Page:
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Done and some nostalgia as it's been a decade since this was going on... 

Just bought a japanese hifi magazine issued back in 1995. It has the great omega+T2 combo on its cover with four pages of technical info of the t2. A nice collector's item under $20. 

The whole capacitor thing is interesting. Back in the day I developed a supermarket security gate to detect product tags and hence shoplifting, which for a few years was in use globally. This used two

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Plus it will be very difficult to answer.  Not many of us here actually own the SRM-T2 and no direct listening comparison was compared between the original and DIY T2 version.  Maybe KG has done it but I did remember reading that Birgir prefer his BH over the SRM-T2 during the initial phase of the DIY T2 project.

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The one problem with the original T2 which both Birgir and Kevin addressed is the amp is no longer within spec by this stage due to the heat and unregulated power supply it is powered off. The biggest advantage the DIYT2 has over the original T2 is better, bigger and regulated power supply it runs off as well as a bigger footprint with the circuit board so everything isn`t sandwiched together so closely like the T2. This ensures no thermal limitation problems are met or exceeded.

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  • 2 weeks later...

That makes sense. Maybe Stax thought the market didn't have the stomach for a bigger 2 box chassis? Capacitors for example are spec'd typically at 105C and say 3000 hours. In reality a good designed amplifier should run at 50% or less of that temperature and thus the caps would last years as opposed to months. Not to mention the tolerance of all the parts affected by wild temperature swings....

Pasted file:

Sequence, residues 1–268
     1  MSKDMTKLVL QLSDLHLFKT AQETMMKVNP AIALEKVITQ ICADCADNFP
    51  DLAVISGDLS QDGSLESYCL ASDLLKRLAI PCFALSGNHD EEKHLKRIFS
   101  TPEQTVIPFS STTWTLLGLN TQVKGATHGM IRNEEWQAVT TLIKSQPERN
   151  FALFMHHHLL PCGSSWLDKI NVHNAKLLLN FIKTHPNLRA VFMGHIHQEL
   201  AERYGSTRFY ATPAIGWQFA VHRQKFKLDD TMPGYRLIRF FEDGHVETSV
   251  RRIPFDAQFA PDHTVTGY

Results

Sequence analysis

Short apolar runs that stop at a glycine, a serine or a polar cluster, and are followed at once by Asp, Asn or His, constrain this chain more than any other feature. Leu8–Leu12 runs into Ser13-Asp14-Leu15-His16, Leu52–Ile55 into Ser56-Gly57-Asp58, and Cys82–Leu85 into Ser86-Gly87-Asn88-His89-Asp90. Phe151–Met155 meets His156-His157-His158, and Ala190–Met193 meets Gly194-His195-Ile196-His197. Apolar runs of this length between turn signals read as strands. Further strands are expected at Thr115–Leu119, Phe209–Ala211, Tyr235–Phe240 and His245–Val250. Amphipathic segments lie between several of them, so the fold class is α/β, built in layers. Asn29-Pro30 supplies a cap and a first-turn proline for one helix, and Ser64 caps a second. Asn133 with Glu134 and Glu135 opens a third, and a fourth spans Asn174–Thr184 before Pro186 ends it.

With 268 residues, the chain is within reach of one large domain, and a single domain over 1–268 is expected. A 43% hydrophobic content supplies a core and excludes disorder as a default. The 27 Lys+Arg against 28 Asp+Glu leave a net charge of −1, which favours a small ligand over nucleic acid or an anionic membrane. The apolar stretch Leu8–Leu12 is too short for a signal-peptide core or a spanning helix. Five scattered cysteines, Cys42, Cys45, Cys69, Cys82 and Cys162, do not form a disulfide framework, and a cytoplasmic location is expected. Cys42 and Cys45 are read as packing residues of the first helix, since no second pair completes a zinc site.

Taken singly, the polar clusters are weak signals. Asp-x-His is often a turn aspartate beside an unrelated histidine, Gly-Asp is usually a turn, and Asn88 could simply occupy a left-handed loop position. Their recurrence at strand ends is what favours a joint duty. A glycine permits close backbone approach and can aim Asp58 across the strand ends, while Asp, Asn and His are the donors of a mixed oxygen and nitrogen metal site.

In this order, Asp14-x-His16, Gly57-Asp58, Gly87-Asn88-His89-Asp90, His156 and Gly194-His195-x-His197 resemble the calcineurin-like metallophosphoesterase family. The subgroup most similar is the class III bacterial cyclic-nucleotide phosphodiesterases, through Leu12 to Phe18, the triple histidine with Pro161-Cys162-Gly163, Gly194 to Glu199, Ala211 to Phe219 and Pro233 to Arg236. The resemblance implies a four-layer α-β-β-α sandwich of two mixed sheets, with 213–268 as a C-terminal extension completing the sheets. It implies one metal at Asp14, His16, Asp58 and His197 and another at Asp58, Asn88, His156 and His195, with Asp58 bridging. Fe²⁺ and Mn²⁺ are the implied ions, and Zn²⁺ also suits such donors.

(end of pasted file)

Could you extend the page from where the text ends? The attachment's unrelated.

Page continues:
I like the idea of a huge no holes barred Stax amplifier. It sounds nuts to do such a thing to power headphones. If it sounds better I don't worry, and am not bothered by chassis size either. Respect to those DIY'ers who take sit on.

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Maybe price and a market was something that held them back. I have no doubt that Stax was and is capable of designing a grand $50k amp if they wanted to. The problem is how many will sell on the market to make it a viable effort for them to do so. Not to mention all the old HV semi-conductors are mostly EOL but there are new stuff which some companies only sell or make at a minimum (10000+ for example) quantity order. It's all supply and demand.

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On 11/11/2018 at 3:53 PM, tumpux said:

Reviving an old thread, but I think for archiving purpose it would be great if the outdated pictures links on this thread are updated with the current ones.

True...... the amount of pics available on google is too little..... always wonder what is shown in the dead pics above......

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Beautiful..

What happen with this amp on a daily basis? Is it still work? Is it true that on the back of the amp unit, there is a plate with the owner's name? Any plan to stuff a Carbon into this shell for its 30th anniversary?

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I sold it back in 2010 as it makes no sense to keep it.  It doesn't sound as good as people think it does and the hum bothered me a lot.  Well that and it was doomed to fail so I just recapped it and moved it on. 

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It's a feature that it can cook eggs on the top panel...  ;)  Kinda funny when the only option in Iceland is to take off the top panel and have a fan close by to cool it. 

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17 hours ago, spritzer said: